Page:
I'd never done it before… But a few weeks ago, I MADE my first mortgage loan.
I'll safely earn a double-digit interest rate in this zero-percent world.
The mortgage loan I made will pay me 12% interest, plus a "point" (1%) up front. It's a first mortgage on a home, and it's well-secured by a 40% down payment.
I never intended to make a mortgage loan. I never intended to "be the bank." But these days, banks won't make this particular loan…
What happens when a loaf of bread costs $23?
In the past year, the price of coffee has more than doubled. Since 2009, sugar prices have jumped as much as 200%.
What's going on here?
Recently, the Federal Government has intervened in America's food supply, setting off a chain reaction which is already affecting prices as well as the amount of food we receive. The worst has yet to trickle down.
For more information on this situation, click here.
Banks are perfectly willing to make loans that conform to certain government guidelines. The typical "conforming" loan is to a middle-class couple buying a middle-class house for their primary residence, with a decent down payment and decent credit.
Banks want to make conforming loans because they know they can immediately turn around and "sell" that loan to the government.
But the loan I made is lower risk, I think, than many conforming loans.
You see, the homebuyer – a friend of a friend – is in the real estate business. He's not buying this as a "primary residence." He's speculating. He's buying the property dirt-cheap. And he believes he already has it sold for a much higher price.
Whether he has it sold or not, I'm not that worried. The collateral is there for the loan. So I'm secured. But because it doesn't conform to the government standard, banks don't want it. And I get to safely pocket 13% over the next year. I'll take it!
I don't expect you to do exactly what I'm doing. But today, you can make a similar investment in the stock market…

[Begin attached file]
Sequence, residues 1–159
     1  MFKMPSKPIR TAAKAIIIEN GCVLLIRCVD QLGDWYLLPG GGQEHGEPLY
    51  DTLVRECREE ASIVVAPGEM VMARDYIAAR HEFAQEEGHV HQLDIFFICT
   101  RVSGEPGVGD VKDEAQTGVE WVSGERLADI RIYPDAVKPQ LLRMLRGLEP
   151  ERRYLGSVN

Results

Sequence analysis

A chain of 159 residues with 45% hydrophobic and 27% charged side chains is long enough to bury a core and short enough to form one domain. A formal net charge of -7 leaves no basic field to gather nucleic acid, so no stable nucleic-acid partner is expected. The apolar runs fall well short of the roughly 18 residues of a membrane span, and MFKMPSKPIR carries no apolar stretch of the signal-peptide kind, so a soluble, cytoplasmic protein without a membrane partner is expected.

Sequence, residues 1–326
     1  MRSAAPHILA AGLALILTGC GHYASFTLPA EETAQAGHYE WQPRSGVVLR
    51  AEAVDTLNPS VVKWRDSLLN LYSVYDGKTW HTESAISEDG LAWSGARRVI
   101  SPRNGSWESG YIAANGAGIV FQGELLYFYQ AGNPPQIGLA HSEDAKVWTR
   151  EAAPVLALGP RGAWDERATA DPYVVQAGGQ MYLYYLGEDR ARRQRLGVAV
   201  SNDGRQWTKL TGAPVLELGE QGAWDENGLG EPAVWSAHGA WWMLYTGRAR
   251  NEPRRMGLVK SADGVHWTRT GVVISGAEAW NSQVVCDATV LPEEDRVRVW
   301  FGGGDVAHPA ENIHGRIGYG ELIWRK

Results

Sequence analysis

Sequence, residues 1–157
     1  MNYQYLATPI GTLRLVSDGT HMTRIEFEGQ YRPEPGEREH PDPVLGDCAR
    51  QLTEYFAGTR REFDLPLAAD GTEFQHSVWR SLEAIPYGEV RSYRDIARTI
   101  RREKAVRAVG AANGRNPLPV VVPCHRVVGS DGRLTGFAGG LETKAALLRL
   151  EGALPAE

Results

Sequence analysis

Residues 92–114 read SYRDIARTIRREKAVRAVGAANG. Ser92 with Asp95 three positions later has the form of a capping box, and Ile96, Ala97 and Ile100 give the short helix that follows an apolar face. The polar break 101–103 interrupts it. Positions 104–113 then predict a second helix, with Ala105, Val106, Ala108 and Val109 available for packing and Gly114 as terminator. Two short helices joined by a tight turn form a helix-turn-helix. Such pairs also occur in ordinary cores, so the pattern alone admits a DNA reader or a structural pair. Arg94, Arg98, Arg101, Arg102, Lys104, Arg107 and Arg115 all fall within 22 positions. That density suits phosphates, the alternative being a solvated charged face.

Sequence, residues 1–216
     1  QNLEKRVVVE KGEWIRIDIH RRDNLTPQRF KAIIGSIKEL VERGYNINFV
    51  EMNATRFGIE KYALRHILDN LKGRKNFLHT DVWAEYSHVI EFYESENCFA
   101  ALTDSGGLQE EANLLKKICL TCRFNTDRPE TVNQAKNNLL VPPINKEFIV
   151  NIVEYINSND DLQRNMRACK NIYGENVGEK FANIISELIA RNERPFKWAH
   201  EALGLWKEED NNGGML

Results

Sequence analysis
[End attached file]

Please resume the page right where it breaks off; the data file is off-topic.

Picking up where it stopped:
The company is called Chimera. It's a sister business to our favorite mortgage traders – the guys behind Annaly.
Right now, roughly 20% of Chimera's capital is invested exactly as Annaly invests: with leverage in government-guaranteed mortgages. But the rest is invested in non-conforming loans, like the one I wrote… non-conforming loans paying double-digit interest rates. (These are not sub-prime loans.)
Unlike a bank, which uses a large amount of leverage (borrowing money), Chimera's current business model is to hold mortgages mostly without leverage. Just like me, it's resisting the temptation to borrow money at a low interest rate to invest it in these mortgages at a higher rate.
Even without all that leverage, the business earns a mid-teens yield on its portfolio. And it distributes nearly all those profits to shareholders through dividends. Chimera yields nearly 18%.
It's also incredibly cheap. It sells for just 0.85 times book value. And with a business like Chimera, book value IS liquidation value. So we have an opportunity to buy $1 for just $0.85 cents… and collect 18% dividends along the way.
With my own money, I'm personally doing what Chimera is doing. You can do the same through the stock market… with less hassle… and you'll get paid even more interest.